Additional details about the report, "Energy Storage Opportunities in the Wind Power Industry," can be found on the firm’s website at www.nanomarkets.net.
This is the latest in the firm’s on-going coverage of opportunities in the Smart Grid era. NanoMarkets’ Smart Grid Analysis unit has published on many areas of Smart Grid opportunities, and is preparing a companion volume to this one covering energy storage in the solar sector.
While many analysts have forecast rapid growth rates for wind farm generation over the next few years, NanoMarkets believes that growth in the wind energy turbines will not be sustainable unless the matter of cost effective energy storage is addressed.
The intermittent nature of wind energy generation leads to situations where power is created at times when demand is low resulting in reduced revenue generation or outright wasted. Unpredictable wind power also tends to disrupt conventional electricity grids which are not built to accommodate highly varying energy sources.
China is likely to account for over one third of all the revenues from energy storage systems sold to the wind power industry. The Chinese government plans to increase wind generation capacity in the country ten-fold in the next decade and will spend billions of dollars on storage facilities as part of its grid upgrade process. The report notes that, while world-class Chinese energy storage firms are beginning to emerge, the rapid deployment of wind generation in China will also open up opportunities for overseas firms too.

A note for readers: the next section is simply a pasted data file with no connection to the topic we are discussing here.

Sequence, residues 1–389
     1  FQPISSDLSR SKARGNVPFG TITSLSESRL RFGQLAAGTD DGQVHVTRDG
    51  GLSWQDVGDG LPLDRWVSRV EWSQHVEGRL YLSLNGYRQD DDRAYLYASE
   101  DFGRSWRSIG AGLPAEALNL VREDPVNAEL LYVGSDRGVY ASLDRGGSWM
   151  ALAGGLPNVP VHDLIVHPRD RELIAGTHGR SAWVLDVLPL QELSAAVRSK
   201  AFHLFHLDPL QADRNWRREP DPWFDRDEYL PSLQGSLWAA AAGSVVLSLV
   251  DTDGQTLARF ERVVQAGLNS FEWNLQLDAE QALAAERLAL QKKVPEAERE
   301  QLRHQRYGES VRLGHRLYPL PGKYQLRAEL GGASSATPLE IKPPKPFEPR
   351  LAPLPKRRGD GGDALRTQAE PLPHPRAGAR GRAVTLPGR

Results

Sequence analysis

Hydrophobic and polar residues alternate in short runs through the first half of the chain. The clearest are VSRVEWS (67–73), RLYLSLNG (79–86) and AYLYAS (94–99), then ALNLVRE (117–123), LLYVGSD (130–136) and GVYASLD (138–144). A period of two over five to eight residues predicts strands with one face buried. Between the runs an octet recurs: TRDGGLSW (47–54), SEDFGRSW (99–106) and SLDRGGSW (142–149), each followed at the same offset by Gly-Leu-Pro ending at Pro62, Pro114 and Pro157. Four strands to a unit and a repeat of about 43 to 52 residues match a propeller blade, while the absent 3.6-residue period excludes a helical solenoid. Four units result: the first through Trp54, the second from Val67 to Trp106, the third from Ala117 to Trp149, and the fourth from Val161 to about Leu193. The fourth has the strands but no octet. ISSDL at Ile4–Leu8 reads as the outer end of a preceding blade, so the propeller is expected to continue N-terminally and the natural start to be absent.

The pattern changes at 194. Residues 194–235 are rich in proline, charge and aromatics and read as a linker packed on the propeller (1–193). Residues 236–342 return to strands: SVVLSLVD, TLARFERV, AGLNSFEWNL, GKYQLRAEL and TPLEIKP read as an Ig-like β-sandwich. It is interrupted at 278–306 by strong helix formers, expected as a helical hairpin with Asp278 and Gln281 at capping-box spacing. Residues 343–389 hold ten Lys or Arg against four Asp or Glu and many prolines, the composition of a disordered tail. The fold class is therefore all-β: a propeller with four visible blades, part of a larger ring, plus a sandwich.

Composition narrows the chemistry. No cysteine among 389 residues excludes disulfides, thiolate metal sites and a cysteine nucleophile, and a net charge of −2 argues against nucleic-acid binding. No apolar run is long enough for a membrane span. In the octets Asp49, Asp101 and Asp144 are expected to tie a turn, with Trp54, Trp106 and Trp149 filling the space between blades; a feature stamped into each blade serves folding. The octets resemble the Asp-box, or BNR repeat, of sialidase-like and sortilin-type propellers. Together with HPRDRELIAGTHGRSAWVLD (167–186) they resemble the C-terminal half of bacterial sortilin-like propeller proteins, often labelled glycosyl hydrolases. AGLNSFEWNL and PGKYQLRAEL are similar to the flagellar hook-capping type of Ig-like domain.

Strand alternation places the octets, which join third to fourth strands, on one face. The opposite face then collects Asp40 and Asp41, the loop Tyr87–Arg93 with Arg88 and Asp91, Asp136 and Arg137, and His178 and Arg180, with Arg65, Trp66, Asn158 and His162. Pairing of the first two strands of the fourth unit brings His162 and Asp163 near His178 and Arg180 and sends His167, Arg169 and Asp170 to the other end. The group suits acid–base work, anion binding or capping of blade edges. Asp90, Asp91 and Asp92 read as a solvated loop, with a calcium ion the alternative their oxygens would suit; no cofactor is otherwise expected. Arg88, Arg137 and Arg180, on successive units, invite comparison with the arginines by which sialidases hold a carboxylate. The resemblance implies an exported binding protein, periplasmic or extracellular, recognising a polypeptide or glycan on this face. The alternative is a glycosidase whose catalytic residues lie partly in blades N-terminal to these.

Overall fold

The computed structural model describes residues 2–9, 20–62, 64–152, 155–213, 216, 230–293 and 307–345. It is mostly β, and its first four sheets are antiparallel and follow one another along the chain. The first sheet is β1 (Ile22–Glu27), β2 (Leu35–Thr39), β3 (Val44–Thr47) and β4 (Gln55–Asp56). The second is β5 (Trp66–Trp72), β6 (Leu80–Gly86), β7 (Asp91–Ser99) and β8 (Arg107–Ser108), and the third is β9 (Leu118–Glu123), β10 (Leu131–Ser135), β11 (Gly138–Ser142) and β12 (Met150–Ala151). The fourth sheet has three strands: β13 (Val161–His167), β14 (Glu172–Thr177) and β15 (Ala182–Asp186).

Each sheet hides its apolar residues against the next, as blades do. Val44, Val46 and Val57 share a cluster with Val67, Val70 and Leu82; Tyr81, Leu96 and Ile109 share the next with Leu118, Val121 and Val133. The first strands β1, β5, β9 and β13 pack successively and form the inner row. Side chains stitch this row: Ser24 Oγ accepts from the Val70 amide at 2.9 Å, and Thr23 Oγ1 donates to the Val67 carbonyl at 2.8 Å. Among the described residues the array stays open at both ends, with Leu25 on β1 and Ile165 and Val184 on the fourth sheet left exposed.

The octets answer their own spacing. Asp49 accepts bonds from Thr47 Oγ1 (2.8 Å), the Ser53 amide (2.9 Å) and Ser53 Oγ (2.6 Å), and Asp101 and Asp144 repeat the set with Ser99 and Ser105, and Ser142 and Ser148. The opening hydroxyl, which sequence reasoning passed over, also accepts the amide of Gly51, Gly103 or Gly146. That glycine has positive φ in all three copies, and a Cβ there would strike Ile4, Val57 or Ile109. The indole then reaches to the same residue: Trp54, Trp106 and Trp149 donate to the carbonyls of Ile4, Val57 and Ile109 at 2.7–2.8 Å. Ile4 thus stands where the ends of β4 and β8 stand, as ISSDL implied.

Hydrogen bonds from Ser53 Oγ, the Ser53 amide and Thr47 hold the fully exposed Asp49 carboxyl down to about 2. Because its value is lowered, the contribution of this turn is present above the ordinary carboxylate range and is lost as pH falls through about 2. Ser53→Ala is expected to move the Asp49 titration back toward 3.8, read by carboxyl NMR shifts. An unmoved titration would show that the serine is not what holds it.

The report notes that much of need for wind power storage at the present time is accounted for by lead-acid batteries, which represent low-cost and mature technology. However, NanoMarkets believes that the wind industry will quickly shift to newer higher performance battery technologies such as lead-carbon, sodium-sulfur and flow battery systems. Furthermore, the higher performance and lifetimes of lead-carbon batteries compared to traditional lead-acid batteries will give lead-carbon the largest single share of wind-power energy storage sales by 2015 with sales that will exceed $300 million in 2015. NanoMarkets also sees significant use of mechanical storage including pumped hydroelectric and compressed air storage.
This report analyzes and quantifies the opportunities for firms seeking to understand the opportunities created by energy storage technologies in the wind power sector. It provides an analysis of the market in the U.S., Canada, Europe, Japan, China and India, with eight-year forecasts of energy storage sold into the wind sector for each of these countries/regions, as well as for the world as whole. These forecasts are broken out by major energy storage technologies and in both volume (MWh) and value terms. The report also includes discussions of major wind-related storage projects around the world and the major firms to watch in this space.